Fleetwood Mac’s Rumours is one of the truly iconic records of the 1970s. Like Led Zeppelin’s IV, Pink Floyd’s Dark Side Of The Moon and the Eagles’ Hotel California, Rumours spent a lot of time spinning on turntables everywhere … including those of FM radio.
I don’t think I ever owned a copy of it back in the day … and yet somehow I knew all of the songs. You could call this phenomenon “pop music osmosis.”
Along with radio and ‘scene’ dominance, Fleetwood Mac, like their 1970s colleagues (cripes, is it OK to use the word ‘colleague’ when describing a rock band? it feels kinda weird) was a textbook case of the collective whole being far greater than the sum of its parts. Something just clicked for them in that final ‘classic’ lineup. So now I fast forward to the year 2003, and Fleetwood Mac releases Say You Will. It’s many years down the road and the classic lineup has changed. Christine McVie has retired. What would this do to the sound? The chemistry? The balance? With no sunny McVie tunes in the mix, would this record be too dark? Too weird?
As it turns out, Say You Will was neither too dark nor too weird. What it was: a great pop record.
Things were certainly different though. With McVie gone, the songwriting was now evenly split between Lindsey Buckingham and Stevie Nicks. Also, Buckingham’s guitar moved forward to take over as the main instrument of texture. This is a good thing: Lindsey’s playing here is amazing. Pick a style and it’s there: from silky folk fingerpicking to sometimes jazzy fills to blistering lead work to near metal riffing … all of this wrapped around Stevie Nicks’ still gorgeous voice.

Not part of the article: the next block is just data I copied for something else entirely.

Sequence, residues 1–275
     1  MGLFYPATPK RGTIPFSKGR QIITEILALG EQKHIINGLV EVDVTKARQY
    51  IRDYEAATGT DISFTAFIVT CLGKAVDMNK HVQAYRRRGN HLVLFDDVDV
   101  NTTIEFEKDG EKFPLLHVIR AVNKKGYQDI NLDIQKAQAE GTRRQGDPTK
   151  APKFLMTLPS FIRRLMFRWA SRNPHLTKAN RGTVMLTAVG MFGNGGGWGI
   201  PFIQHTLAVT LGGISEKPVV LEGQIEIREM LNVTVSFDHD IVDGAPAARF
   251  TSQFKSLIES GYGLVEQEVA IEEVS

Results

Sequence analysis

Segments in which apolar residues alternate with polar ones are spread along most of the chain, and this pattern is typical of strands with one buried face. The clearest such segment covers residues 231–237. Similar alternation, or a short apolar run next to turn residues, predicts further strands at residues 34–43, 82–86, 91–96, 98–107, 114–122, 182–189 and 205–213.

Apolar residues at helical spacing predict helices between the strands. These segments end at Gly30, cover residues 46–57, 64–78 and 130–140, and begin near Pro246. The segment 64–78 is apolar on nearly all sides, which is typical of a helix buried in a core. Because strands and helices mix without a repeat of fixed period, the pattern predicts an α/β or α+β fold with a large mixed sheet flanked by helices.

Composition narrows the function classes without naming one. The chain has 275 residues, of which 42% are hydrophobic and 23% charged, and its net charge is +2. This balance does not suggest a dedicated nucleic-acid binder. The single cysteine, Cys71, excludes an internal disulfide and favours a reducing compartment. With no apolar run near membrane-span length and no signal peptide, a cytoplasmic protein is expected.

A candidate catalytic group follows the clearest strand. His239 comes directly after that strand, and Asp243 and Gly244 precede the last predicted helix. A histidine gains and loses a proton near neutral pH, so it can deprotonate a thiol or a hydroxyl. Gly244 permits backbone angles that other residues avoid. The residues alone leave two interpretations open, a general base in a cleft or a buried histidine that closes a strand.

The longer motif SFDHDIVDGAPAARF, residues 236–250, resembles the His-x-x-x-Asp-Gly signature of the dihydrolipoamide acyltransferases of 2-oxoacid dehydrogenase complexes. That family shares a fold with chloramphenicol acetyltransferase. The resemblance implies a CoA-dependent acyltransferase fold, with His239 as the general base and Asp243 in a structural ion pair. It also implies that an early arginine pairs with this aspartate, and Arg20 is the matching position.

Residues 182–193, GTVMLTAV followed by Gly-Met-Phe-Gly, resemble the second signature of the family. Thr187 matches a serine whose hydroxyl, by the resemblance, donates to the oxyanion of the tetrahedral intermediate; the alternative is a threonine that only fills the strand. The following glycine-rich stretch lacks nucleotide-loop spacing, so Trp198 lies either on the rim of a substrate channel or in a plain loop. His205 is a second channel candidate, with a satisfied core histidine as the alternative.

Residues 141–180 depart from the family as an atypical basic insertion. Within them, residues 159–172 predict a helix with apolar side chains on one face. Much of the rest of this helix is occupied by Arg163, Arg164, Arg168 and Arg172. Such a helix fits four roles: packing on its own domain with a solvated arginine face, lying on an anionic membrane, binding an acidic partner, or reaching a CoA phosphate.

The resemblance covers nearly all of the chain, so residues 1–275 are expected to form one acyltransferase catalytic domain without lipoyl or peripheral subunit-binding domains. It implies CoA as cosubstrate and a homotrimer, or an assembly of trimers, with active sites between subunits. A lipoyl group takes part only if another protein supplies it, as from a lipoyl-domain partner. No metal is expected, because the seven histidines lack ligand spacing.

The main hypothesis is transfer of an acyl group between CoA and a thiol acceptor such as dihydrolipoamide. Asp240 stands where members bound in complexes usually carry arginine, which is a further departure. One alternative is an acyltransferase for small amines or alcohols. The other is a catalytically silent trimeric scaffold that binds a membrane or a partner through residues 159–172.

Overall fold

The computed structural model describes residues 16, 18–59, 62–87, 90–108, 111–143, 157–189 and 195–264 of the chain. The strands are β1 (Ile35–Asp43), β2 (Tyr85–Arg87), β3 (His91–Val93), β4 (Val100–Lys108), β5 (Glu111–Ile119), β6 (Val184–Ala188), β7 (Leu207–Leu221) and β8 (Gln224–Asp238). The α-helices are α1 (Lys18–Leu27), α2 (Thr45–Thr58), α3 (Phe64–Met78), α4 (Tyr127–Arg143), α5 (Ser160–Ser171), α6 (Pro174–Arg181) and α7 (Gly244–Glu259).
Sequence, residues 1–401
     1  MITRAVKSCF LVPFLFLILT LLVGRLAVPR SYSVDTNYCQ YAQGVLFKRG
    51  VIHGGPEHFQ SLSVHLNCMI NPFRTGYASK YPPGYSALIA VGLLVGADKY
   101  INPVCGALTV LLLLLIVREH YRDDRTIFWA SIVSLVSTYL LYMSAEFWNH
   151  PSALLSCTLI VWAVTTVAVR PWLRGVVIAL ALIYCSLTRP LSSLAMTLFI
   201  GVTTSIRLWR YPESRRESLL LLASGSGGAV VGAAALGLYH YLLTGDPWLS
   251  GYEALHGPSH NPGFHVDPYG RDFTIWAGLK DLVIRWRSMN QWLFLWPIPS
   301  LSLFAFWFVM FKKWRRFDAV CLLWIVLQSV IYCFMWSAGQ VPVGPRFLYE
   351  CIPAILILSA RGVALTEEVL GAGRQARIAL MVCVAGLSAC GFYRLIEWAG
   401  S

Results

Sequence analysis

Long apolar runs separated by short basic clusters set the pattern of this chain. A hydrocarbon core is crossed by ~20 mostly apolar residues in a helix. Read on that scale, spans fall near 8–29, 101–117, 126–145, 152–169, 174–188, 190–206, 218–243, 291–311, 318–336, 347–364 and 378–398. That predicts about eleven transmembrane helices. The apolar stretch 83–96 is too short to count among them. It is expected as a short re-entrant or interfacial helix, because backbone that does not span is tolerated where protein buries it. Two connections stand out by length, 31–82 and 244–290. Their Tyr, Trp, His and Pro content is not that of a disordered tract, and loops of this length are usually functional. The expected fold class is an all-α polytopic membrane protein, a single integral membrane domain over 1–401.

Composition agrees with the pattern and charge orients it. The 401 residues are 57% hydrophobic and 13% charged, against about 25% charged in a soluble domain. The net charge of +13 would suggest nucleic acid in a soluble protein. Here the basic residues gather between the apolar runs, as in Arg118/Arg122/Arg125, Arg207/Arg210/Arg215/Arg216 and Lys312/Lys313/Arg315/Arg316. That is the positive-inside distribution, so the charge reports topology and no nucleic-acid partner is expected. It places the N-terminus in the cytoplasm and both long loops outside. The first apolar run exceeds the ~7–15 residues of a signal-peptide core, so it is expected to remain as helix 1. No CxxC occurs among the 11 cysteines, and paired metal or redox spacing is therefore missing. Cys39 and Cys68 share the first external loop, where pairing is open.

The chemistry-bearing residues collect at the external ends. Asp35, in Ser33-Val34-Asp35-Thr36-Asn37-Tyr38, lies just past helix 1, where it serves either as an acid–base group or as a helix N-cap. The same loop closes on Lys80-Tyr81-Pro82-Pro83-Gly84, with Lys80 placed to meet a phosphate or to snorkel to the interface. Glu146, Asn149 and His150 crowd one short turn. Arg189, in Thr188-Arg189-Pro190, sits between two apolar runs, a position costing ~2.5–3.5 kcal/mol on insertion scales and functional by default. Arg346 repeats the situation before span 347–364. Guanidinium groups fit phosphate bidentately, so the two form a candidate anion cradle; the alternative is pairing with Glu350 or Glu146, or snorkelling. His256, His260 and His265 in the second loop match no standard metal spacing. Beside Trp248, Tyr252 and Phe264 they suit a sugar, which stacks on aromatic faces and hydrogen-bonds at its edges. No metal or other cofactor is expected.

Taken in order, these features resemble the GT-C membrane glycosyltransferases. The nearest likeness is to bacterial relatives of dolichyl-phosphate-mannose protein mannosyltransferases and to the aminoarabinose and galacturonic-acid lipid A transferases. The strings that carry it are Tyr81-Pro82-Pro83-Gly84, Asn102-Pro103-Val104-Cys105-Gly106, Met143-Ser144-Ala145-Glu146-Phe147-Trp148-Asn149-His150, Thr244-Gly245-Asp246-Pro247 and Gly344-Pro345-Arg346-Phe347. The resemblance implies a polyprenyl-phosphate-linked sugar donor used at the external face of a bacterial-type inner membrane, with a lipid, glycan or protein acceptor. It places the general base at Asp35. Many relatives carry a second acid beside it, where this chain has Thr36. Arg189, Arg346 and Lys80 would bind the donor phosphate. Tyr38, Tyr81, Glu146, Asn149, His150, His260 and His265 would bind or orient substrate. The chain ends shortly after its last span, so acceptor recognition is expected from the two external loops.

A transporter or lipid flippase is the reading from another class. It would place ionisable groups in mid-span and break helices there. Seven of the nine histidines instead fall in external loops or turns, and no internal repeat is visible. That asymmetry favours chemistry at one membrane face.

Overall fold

What’s not different? The songwriting is still definitely quite strong. And Stevie and Lindsey are still referring to each other … or maybe they’re not. See … the thing is, with Fleetwood Mac’s soap-opera history, we’ll always think that Stevie’s talkin’ about Lindsey. Also not changed is that signature vocal harmony. One of the funny things about the after-effects of “pop music osmosis” is that you tend to hear ‘phantom’ voices. So even on the tunes where Christine McVie is not guesting on background vocals, you hear them anyway. Your brain just wants them there.
Oh, I forgot to mention John McVie and Mick Fleetwood. Maybe they’d prefer it that way … because as both members of the less-is-more club they accomplish what they always have in the past: laying down a solid base over which each tune rides.
Did Say You Will take a place next to the “great” Fleetwood Mac records (in my mind that would be Fleetwood Mac, Rumours, and Tusk)? I think so. In some ways, it was every bit the record that Tusk was … but without the baggage of the heavy expectations caused by being the followup to Rumours.